Lastly, the fruit salsa: tortas are usually associated with spanish culture, just like corn. Likewise, I wanted my salsa and my torta to stick with the southeast asian filipino-inspired rice theme I had going on. Reflecting upon my earlier reading and personal experience, some of the fruits they had included coconut, citrus, and mango. I really wanted to do a mango salsa with strawberries, but unfortunately the grocery store I went to did not have any. I knew peaches carried a slightly similar taste and texture, so I substituted that for mangoes although they didn't keep the southeast asian theme. I also utilized some coconut to go back to my cultural theme, and some cilantro just to add a contrasting flavor.

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I ran into a few troubles when preparing my dish for the critique, because I forgot the coconut milk I wanted to use in the rice tortilla and the rice pudding. I substituted in the sweet coconut flakes to bring out the coconut flavor and utilized heavy cream in the rice pudding to make it more creamy. I also forgot my non-stick skillet so the tortilla kept sticking to the pan, so I utilized a cup and my paring knife to cut out a circular shape. I finished off the plating with some fresh whipped cream.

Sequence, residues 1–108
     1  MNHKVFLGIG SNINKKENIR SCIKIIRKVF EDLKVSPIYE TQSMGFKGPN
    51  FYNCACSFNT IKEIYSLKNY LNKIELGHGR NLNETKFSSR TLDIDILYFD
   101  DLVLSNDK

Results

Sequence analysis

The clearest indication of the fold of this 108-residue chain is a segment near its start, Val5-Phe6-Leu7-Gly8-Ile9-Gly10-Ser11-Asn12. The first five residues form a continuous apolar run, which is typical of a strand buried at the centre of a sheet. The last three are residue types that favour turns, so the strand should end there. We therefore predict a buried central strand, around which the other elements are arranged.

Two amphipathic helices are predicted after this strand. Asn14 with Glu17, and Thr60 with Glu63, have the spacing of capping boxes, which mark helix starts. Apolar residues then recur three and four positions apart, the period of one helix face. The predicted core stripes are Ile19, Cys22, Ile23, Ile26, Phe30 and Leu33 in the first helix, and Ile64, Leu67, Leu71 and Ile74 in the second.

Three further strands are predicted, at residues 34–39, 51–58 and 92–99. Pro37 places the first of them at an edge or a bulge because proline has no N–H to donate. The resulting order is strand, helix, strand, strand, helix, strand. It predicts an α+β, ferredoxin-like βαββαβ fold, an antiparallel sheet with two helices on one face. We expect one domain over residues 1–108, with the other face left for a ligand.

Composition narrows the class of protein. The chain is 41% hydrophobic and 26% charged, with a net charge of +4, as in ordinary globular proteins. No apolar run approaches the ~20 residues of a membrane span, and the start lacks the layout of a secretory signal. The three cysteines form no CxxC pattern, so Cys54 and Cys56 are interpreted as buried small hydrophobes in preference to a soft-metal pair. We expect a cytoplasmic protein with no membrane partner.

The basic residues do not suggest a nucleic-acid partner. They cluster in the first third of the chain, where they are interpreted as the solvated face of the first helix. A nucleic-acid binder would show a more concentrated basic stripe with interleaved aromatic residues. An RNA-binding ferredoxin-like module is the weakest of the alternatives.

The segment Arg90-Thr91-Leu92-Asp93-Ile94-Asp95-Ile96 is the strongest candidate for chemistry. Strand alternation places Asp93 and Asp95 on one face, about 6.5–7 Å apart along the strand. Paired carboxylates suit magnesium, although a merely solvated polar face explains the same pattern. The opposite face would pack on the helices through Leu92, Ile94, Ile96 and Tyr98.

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Rice and beans have historically been paired together to promote health as they have complimentary proteins. However, I've never seen anything that had rice as beans. However, reflecting now, they do have a similar starchy texture which is why I think the rice pudding worked well in my dessert torta. I am not 100% satisfied with the final result, and I wish I could've found time to really innovate the rice brittle. However, it did innovate with rice in both the use of rice (pudding) in a different way and also the creation of a rice tortilla. I hope in the future I can continue to innovate with boring ol' rice to make it more exciting!